A teddy bear in the arms of a child with diabetes can change health care. At least, Jerry the Bear can. Yesterday kicked off the sixth autumn mega-version of the Health 2.0 Conference in San Francisco. Co-founded by Matthew Holt and Indu Subaiya, a long-time health analyst and physician, respectively, this meeting features new-new tools, apps and devices aimed at improving individual and population health, as well as health processes and workflows for physicians, hospitals, pharma, and other stakeholders in the health care ecosystem – even health lawyers, who met on October 7 to discuss up-to-the-minute  e-health law issues. Yesterday was

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Nordstrom and Amazon, where are you in health care service?

When it comes to customer service, retail, banks, airlines and hotels are tops. Health care? Not so good. This sobering finding comes via PwC’s report, Customer experience in healthcare: The moment of truth. PwC pulled data from the company’s Customer Experience Radar survey of 6,000 consumers across industries. This particular analysis looks at consumers’ service views on banking, hospitality, airline, retail vs. health care providers and insurance companies. The chart shows consumers’ answers to a question of whether they are willing to report positive interactions about a customer experience. The graph shows that people are more likely to share opinions

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Good Housekeeping features Facebook for health: health social networks go mainstream

Using social networks for health is no longer a pioneering, first-wave adoption activity: Facebook has gone mainstream in health. What’s the indicator that says we’ve hit the tipping point in consumers going Health 2,0, beyond Paging Doctor Google? A story in the July 2012 issue of Good Housekeeping magazine titled, Miracle on Facebook. What’s powerful about this is that articles on health social networks have been largely focused in health IT trade publications, business magazines like Forbes  (focusing on sustainbale business modeels) and technology channels such as Fast Company and Wired. Looking at Good Housekeeping’s ad pages, its readership is mostly

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Thinking about Dad as Digital “Mom”

What is a Mom, and especially, who is a “Digital Mom?” I’ve been asked to consider this question in a webinar today hosted by Enspektos, who published the report Digging Beneath the Surface: Understanding the Digital Health Mom in May 2012. I wrote my review of that study in Health Populi here on May 15. In today’s webinar, my remarks are couched as “Caveats About the Digital Mom: a multiple persona.” Look at the graphic. On the left, the first persona is a mother with children under 18. Most “mom segmentations” in market research focus on this segment. But what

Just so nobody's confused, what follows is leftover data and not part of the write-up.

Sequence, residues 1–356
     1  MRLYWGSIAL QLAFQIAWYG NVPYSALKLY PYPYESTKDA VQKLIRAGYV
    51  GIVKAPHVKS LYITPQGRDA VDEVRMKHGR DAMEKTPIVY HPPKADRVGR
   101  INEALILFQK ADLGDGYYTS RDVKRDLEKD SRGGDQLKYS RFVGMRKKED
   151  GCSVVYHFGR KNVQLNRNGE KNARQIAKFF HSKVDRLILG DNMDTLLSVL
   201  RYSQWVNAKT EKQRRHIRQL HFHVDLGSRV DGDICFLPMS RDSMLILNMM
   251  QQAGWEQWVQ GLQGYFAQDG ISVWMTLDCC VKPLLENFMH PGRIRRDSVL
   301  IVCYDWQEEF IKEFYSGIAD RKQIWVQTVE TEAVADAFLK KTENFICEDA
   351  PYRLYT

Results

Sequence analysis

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Wellness Ignited! Edelman panel talks about how to build a health culture in the U.S.

Dr. Andrew Weil, the iconic guru of all-things-health, was joined by a panel of health stakeholders at this morning’s Edelman salon discussing Wellness Ignited – Now and Next. Representatives from the American Heart Association, Columbia University, Walgreens, Google, Harvard Business School, and urban media mavens Quincy Jones III and Shawn Ullman, who lead Feel Rich, a health media organization, were joined by Nancy Turett, Edelman’s Chief Strategist of Health & Society, in the mix. Each participant offered a statement about what they do related to health and wellness, encapsulating a trend identified by Jennifer Pfahler, EVP of Edelman. Trend 1: Integrative

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Make 2012 the year of living health-fully

When I would meet up with clients and friends during the latter half of 2011, people whom I hadn’t seen for months would do a double-take when they saw me. “What have you done?” they have asked. In this first post of 2012, I will share with Health Populi readers my story of 2011 — a year of living health-fully for me. One of the blessings of my work-life is that I have access to some of the great minds in health and health care. But not until I began to personally harness their wisdom, intentionally incorporating what they’ve learned into my own life-flow and